There is a groundswell of public opinion that government intervention is going to increase the availability and decrease the price of broadband. Read this sentence again. See the problem?
As a college freshman, I had an Economics professor (Carrington-Crouch) who told me that the scariest words you will ever hear are the following:
Hello, I’m here from the government and I’m here to help you.
He told me that if you ever heard someone say this to you, start running. I agree.
Reading this article this morning pushed me over the edge. It exemplifies the ‘groupthink’ on the net that every other country has better broadband, and that the only solution is for the government to intervene and break up the ‘monopolies’. It’s the umpteenth post I’ve seen with this viewpoint on the issue, if there is even an issue anymore.
Be afraid. The digeratii and the blogerati think Uncle Sam Bell is better. It won’t be. It’s how we got here in the first place.
We might have had more fiber to the home today, except for government regulation overturned over the last 3 years (2003, 2004, 2005). The regulation forced ILECs (The only ones with the cash to do it) that installed new infrastructure to lease it back to CLECs like Covad, Earthlink, etc. at ‘cost plus’ (another great government term). Why would you make a risky, multi-billion dollar investment if you would never realize a decent return?
Only recently, as these laws have been rolled back, do we see companies like Verizon and SBC deploying advanced broadband architectures. Even now, as Verizon pushes ahead with FiOS, the market views this investment negatively.
Where is the detailed unbiased data about how terrible broadband is in the US? I’ve yet to see it. Even my Dad, who vacations on a mountain in North Carolina, can get a 3Mbs cable modem for $35 a month.
People that point out other countries have better broadband overlook the fact that this may be the result of several factors that we do not have nor want here in the US. Europe is put up on a pedestal – but Europe has a much higher density population than the US making it easier and more economical to offer broadband. If you live in the boondocks in Europe you are just as likely to not have broadband as if you live in the sticks here in the US.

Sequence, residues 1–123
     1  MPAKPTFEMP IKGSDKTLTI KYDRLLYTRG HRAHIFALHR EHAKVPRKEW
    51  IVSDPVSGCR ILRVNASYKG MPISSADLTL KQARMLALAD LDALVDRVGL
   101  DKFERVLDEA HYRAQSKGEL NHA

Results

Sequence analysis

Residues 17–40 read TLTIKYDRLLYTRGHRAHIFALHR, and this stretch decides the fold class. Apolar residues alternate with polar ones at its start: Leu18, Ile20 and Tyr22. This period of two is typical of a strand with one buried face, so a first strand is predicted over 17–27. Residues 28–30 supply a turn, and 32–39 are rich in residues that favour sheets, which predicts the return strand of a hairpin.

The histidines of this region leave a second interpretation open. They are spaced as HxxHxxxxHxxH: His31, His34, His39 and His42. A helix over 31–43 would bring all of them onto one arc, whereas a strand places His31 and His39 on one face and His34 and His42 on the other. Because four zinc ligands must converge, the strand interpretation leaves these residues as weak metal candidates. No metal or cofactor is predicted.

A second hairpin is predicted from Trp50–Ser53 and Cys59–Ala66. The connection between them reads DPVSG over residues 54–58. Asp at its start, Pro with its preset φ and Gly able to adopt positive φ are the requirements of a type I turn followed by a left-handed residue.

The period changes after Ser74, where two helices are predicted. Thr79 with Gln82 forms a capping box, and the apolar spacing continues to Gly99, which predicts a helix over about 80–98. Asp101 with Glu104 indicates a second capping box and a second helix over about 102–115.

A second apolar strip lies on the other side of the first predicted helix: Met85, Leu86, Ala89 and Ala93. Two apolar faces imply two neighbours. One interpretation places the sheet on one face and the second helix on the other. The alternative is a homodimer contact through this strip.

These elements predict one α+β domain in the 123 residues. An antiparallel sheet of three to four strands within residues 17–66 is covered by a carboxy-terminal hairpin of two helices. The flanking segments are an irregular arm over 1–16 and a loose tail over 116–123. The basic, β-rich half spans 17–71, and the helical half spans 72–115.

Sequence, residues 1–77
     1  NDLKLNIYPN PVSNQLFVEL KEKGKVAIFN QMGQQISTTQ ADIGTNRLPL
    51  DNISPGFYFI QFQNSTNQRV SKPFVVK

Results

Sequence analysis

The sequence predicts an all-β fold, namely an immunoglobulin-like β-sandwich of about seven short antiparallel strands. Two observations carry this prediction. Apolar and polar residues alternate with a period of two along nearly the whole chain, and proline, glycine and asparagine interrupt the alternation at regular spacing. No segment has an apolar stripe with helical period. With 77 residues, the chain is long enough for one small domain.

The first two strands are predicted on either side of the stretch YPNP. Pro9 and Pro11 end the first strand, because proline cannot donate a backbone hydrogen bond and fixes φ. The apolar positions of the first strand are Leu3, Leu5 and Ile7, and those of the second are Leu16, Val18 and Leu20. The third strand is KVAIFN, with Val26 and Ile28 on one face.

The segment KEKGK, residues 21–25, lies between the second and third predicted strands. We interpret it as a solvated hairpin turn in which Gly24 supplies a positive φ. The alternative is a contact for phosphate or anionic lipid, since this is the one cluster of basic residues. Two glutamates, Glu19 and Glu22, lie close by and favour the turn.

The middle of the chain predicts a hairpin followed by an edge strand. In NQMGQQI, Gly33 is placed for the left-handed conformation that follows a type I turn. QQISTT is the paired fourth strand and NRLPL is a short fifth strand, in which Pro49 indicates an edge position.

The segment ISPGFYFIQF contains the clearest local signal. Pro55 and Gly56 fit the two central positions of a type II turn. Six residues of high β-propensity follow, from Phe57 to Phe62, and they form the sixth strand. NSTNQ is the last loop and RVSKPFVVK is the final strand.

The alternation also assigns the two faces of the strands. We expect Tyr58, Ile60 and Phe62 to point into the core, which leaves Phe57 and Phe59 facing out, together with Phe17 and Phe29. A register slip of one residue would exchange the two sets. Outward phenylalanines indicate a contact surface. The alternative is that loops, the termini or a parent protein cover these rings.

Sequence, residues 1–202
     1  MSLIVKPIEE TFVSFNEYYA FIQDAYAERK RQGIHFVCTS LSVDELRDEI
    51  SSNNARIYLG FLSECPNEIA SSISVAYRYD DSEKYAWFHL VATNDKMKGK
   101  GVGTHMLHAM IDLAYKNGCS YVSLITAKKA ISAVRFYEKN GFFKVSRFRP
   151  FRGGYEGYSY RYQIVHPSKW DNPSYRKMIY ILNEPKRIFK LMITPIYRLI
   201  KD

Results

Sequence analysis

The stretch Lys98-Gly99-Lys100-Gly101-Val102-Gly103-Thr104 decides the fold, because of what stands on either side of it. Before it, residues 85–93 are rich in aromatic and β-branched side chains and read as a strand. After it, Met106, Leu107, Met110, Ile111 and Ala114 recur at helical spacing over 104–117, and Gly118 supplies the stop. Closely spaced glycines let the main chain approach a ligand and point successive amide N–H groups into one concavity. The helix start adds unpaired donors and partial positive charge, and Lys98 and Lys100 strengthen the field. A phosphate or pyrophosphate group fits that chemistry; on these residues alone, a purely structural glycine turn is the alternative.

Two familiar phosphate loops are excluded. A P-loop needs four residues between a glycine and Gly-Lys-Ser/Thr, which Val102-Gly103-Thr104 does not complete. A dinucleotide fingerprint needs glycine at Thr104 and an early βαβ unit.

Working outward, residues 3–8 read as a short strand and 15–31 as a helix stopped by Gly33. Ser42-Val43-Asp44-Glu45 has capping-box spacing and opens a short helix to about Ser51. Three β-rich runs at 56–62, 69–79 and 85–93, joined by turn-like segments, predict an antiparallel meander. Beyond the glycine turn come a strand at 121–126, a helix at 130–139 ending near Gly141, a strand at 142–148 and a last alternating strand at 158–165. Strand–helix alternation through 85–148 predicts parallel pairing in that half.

Japan and Korea (really the only places with better broadband than the US) have high density topologies suitable for fiber deployment and government subsidized carriers. That means you pay for broadband whether you want it or not- is it such a surprise that these blog-heads want you to pay for their DSL or fiber connection?
The latest craze is the push for network neutrality, which effectively means that carriers are not allowed to set variable pricing for services over the infrastructure they own. The analogy here would be if the government told major airlines they needed to start charging flat fares for travelers regardless of whether they flew the all-nighter on a Saturday night or the 8AM shuttle. The logical outcome is that some people end up paying more for the same service so the ‘Elites’ who push these laws can pay less. Om Malik recently had a fair and balanced podcast on the subject (transcript here).
With the insanity of forced leasing of new infrastructure ending and positive legal decisions like Brand X, Broadband in the US has turned a corner. I wouldn’t be surprised that in 10 years the US has the most advanced and – more importantly – cost effective infrastructure in the world, perhaps with China and Japan the only real contenders.
If the only way to get better broadband is for the federal government to pay for it then we don’t really need it. Ronald Reagan:
If it moves, tax it. If it keeps moving, regulate it. If it stops moving, subsidize it.
If there is a market need you can bet someone, somewhere will find a way to meet it. You need to be patient and wait for the Industrial Accident. The only way this can happen is if the FCC and government stay out of the way.